Wow, lots to reply to and they weren't the responses I was expecting at all.
originally posted by: Snarl
Think about all the Asian people who eat rice as their main dish three meals/day 365/year.
I actually think about this very thing every single day. I happen to use a rice cooker which makes me think about it even more. I remember reading
that when villages in Asia originally get electricity, the first item almost everyone saves up to purchase is a rice cooker.
originally posted by: Yeahkeepwatchingme
I admit it's not a lot but to be honest, I've seen people with foodstamps buy lobster, shrimp and big pork chops. So I don't know, is it your
For my birthday a few months back I saved up and bought two big steaks for a birthday dinner. It happens but it's certainly not the norm. If you
know a location though where you can live off of lobster and pork chops on a food budget of just over $100/month feel free to share.
originally posted by: caterpillage
Yeah, that's why I work 55 hours a week. So I don't have to do that.
I'm disabled and goto school full time. I also work 20 hours/week, I would do more but I'm simply not physically capable of it, there's not enough
time in the day. As is the work actually reduces my income. I get $159/week from work, but then have half of it taken out of disability and another
25% taken out in taxes which brings it down to $39.75/week. From there I lose about $30 in food stamps meaning 20 hour of work clears me $9.75.
Throw in the cost of gas and such to get to work and I end up in the negative.
originally posted by: rickymouse
My wife and I allow 10 bucks a day for our foods. We easily can make it on that. That is three hundred bucks a month for two people, but we also
have our granddaughter here once in a while and our daughter comes to stay when she is off work.
I've been on food stamps for a few years now. When I first got on them it was about $250/month and the price of food was less. I really did eat
very very well, the stereotype of eating steaks all the time was true. I had $8.33/day in meals that was enough for some vegetables, a $5-$6 steak,
something to drink, and still have enough left over for a breakfast or lunch. Fast forward a couple years though and it's down to $3.65/day while
the price of food has doubled.
originally posted by: Yeahkeepwatchingme
If I was in that situation it would be best to be vegetarian. I'm already one so it's surprising how cheap veggies are compared to meats.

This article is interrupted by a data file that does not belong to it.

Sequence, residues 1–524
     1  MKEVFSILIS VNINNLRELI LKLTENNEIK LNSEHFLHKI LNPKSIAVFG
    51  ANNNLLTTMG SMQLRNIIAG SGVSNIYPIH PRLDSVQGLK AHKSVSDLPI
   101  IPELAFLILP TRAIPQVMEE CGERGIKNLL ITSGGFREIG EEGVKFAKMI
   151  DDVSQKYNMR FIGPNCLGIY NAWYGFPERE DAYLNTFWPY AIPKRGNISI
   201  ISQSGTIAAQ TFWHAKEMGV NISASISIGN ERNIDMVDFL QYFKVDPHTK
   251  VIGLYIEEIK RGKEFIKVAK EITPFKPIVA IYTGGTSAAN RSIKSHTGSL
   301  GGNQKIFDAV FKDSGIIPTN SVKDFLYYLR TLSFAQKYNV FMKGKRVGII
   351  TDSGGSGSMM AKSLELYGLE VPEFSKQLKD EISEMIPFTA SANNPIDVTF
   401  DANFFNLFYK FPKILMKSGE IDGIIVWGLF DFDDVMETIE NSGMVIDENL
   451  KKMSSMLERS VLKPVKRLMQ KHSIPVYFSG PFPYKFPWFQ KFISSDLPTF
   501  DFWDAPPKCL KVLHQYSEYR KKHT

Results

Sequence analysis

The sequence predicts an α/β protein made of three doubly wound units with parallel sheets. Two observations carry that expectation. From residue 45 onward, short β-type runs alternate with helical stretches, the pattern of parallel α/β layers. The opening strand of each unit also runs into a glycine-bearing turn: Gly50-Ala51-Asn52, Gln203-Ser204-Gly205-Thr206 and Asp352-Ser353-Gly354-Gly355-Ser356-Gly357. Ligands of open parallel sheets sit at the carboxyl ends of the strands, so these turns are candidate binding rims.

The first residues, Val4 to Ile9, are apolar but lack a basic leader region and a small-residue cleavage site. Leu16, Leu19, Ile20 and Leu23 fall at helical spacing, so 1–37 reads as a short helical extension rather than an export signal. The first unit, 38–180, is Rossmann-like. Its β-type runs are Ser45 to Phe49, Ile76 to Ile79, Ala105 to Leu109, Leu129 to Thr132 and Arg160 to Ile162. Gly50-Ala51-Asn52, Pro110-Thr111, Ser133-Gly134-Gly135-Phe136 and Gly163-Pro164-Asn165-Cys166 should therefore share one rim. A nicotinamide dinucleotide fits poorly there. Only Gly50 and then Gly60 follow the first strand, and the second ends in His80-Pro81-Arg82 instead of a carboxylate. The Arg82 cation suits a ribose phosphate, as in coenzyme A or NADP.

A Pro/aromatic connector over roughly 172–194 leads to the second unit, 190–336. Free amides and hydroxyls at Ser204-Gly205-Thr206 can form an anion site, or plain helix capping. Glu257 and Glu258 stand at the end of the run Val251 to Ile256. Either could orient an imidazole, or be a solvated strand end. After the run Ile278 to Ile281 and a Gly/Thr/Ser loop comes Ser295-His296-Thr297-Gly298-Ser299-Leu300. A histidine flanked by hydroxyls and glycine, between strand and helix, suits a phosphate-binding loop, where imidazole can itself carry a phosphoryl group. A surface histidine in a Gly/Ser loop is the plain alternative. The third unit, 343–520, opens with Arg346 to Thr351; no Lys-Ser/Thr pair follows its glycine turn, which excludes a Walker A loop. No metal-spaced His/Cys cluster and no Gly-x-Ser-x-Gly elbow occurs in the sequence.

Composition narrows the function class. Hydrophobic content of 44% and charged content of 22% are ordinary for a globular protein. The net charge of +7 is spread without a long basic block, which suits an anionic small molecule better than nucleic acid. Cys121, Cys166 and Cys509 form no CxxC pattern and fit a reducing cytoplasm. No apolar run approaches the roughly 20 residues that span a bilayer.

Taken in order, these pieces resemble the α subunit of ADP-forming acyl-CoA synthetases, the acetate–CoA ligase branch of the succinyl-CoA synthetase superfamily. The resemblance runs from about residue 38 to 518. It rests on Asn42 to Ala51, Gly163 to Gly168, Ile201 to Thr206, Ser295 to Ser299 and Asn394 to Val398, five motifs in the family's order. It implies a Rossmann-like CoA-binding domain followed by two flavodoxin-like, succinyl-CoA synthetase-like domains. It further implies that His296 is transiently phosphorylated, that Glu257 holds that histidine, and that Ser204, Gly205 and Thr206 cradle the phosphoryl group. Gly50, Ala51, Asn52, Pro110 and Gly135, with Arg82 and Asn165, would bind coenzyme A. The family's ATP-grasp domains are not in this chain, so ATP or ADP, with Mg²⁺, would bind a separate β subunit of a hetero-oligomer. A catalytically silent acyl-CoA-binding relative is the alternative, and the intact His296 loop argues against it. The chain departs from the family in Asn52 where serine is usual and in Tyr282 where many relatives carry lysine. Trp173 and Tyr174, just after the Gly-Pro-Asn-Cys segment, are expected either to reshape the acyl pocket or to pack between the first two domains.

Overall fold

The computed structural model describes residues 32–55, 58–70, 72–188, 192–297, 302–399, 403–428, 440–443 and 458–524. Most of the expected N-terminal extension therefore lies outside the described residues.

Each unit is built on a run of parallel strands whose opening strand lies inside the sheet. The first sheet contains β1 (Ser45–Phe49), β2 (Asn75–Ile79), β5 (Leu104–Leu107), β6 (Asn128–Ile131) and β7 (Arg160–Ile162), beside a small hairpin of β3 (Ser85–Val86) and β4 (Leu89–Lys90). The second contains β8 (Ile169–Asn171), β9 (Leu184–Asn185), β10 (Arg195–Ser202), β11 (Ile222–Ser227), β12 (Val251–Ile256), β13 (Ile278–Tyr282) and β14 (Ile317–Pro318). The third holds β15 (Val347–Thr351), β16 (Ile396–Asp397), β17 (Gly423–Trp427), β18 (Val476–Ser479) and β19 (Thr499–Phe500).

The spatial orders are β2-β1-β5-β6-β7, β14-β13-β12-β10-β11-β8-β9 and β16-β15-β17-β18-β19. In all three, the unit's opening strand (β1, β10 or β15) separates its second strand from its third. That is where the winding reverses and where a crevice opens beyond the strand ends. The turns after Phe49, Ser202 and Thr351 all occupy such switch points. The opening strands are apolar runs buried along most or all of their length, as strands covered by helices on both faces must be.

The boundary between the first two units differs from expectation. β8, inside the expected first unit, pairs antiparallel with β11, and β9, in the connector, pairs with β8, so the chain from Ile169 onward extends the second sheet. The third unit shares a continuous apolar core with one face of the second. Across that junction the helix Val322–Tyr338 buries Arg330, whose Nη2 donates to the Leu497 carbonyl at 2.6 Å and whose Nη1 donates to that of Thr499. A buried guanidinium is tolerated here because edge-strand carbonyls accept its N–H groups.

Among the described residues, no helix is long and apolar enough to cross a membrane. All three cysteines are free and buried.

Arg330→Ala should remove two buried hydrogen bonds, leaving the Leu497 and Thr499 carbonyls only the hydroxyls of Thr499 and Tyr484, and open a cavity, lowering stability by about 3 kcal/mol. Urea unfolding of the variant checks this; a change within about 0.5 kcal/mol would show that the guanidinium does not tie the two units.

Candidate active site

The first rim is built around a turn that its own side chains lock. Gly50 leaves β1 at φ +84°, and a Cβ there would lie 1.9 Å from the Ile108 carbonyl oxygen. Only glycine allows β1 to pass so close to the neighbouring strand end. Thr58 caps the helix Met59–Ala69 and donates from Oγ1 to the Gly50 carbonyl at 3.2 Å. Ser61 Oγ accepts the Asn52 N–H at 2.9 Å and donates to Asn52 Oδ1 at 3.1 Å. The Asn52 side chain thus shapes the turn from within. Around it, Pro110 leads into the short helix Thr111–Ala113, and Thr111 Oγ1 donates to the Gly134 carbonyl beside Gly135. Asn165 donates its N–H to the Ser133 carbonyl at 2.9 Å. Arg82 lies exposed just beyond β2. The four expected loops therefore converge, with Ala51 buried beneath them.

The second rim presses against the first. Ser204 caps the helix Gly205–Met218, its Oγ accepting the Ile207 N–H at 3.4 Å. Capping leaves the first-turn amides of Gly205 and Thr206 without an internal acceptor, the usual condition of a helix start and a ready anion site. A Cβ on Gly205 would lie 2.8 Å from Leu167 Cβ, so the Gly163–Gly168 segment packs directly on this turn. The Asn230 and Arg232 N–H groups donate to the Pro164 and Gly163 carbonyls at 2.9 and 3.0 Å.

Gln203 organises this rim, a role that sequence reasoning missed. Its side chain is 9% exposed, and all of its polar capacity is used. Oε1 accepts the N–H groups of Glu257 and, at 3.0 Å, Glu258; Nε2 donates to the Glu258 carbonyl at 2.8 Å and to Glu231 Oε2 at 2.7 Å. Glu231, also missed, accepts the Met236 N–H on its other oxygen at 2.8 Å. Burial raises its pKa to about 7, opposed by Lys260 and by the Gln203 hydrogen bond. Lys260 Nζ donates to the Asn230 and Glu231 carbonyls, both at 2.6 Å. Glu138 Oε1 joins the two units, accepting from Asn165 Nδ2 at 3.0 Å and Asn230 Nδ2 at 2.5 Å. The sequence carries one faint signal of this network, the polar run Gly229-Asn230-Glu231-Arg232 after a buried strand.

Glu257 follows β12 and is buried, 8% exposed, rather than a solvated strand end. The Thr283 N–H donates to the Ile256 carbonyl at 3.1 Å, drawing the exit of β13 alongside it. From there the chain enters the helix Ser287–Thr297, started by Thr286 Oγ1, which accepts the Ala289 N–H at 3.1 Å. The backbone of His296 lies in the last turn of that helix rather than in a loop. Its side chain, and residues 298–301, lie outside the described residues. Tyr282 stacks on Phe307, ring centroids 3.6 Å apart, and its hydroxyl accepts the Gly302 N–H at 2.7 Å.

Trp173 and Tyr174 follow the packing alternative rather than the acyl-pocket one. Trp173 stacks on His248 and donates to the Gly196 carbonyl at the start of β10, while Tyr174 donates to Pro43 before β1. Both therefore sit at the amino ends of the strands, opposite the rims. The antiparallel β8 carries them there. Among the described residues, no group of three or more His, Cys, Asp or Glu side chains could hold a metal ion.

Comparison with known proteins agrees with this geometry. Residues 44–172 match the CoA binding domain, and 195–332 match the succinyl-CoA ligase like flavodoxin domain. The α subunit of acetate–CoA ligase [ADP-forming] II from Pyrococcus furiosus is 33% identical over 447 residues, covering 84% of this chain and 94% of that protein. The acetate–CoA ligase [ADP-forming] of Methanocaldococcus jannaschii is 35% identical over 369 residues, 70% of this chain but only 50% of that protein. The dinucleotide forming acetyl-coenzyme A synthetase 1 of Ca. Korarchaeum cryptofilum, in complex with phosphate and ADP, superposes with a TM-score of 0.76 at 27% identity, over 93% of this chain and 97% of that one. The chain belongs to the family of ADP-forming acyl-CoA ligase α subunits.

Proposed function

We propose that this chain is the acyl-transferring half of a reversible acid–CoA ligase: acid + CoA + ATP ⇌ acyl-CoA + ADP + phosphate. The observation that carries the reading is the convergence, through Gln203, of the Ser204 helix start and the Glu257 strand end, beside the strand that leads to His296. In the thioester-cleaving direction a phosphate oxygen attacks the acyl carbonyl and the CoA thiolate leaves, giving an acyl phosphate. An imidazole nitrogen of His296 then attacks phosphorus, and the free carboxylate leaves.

If you get tired of eating the same stuff, try preparing it differently. Or utilizing cheap spices and herbs like the dried ones.
I tried but I like meat too much. This is more meat than I usually buy, I typically forego the ground beef but my parents are coming up to visit for
a couple days and I wanted to have a decent meal for them. My usual meat serving however is about 3 oz/day, so while I do eat meat it's not a whole
When it comes to spice I do use them but I'm careful in which ones I buy. I stay away from the spices and seasonings that are mostly just salt.
Lately I've been using some lemon pepper or garlic herb spices with the rice, and mixing up the flavors every now and then does help but it's still
essentially the same thing day in and day out.
originally posted by: glend
If you have access to a bit of land try minimize your reliance on expensive western food by growing your own vegetables and fish at home using
aquaponics. Also couple of chickens for eggs wouldn't hurt.
I have a back yard but crime in my town is very bad, anything that's not bolted down whether it's vegetables or a lawn chair will be stolen within a
couple days. I also happen to have no time to do my own gardening between work, school and all the sleep my mediciations force. My downstairs
neighbor who I share the yard with (duplex home) can't even leave her patio table out at night.
originally posted by: kelbtalfenek
I saw that you purchased rice. I'm not sure where you live, but if there is an asian food store nearby you can get top grade rice for much cheaper.
I buy 20-25lb bags of rice for $15-22 compared to the grocery store price of 3lbs @ $9.
I'm in southern Ohio. The closest asian market is in Columbus about an hour and a half drive north. Given the gas mileage of my car it's not worth
making the trip. This rice isn't that expensive, I believe it was $3 for a 2 pound bag. The money in those groceries is in the meats, the meat
being $5/pound and the chicken being $6/bag. That's $22 right there.
originally posted by: Catacomb
Honestly, buying fresh vegetables and whatever protein you want to use is much better for you, fills you up more, and provides more meals. You would
be surprised at how much you can actually buy. Onions, tomatoes, and peppers are all fairly inexpensive. You can also go to your local markets to
get them even cheaper.
Frozen foods are the worst, and the most expensive.
Frozen vegetables aren't that bad, the bag of peppers and onions was $1 for example. I could have bought a fresh onion, green pepper, and yellow
pepper and chopped them up instead and it would have been more expensive and time consuming. The chicken I totally agree with but freshness is a
concern. I do biweekly grocery shopping so I don't want to buy chicken and then have it go bad. That's in addition to the time factor. I really
don't have a whole lot of free time between work and school so getting something like precooked/precut chicken actually helps a lot because I can
just take a handful and microwave a quesadilla or throw some in with some rice in my rice cooker (which also steams my vegetables for me).